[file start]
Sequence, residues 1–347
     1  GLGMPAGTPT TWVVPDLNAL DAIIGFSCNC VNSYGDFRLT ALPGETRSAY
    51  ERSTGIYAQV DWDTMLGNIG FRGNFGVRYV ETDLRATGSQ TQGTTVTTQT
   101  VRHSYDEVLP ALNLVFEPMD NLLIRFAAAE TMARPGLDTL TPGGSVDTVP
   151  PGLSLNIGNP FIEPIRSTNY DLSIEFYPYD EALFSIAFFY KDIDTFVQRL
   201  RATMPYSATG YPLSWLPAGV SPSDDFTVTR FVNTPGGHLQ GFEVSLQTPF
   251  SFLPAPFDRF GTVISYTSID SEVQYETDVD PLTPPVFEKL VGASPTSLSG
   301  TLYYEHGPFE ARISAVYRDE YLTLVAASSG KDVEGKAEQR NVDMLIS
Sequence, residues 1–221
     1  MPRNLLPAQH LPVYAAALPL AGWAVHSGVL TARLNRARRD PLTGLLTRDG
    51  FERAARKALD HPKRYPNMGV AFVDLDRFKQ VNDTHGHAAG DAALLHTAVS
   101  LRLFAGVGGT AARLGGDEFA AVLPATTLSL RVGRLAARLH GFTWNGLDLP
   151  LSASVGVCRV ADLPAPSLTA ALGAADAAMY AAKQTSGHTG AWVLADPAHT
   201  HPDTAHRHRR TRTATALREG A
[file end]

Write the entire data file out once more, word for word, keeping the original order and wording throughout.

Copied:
Sequence, residues 1–347
     1  GLGMPAGTPT TWVVPDLNAL DAIIGFSCNC VNSYGDFRLT ALPGETRSAY
    51  ERSTGIYAQV DWDTMLGNIG FRGNFGVRYV ETDLRATGSQ TQGTTVTTQT
   101  VRHSYDEVLP ALNLVFEPMD NLLIRFAAAE TMARPGLDTL TPGGSVDTVP
   151  PGLSLNIGNP FIEPIRSTNY DLSIEFYPYD EALFSIAFFY KDIDTFVQRL
   201  RATMPYSATG YPLSWLPAGV SPSDDFTVTR FVNTPGGHLQ GFEVSLQTPF
   251  SFLPAPFDRF GTVISYTSID SEVQYETDVD PLTPPVFEKL VGASPTSLSG
   301  TLYYEHGPFE ARISAVYRDE YLTLVAASSG KDVEGKAEQR NVDMLIS
Sequence, residues 1–221
     1  MPRNLLPAQH LPVYAAALPL AGWAVHSGVL TARLNRARRD PLTGLLTRDG
    51  FERAARKALD HPKRYPNMGV AFVDLDRFKQ VNDTHGHAAG DAALLHTAVS
   101  LRLFAGVGGT AARLGGDEFA AVLPATTLSL RVGRLAARLH GFTWNGLDLP
   151  LSASVGVCRV ADLPAPSLTA ALGAADAAMY AAKQTSGHTG AWVLADPAHT
   201  HPDTAHRHRR TRTATALREG A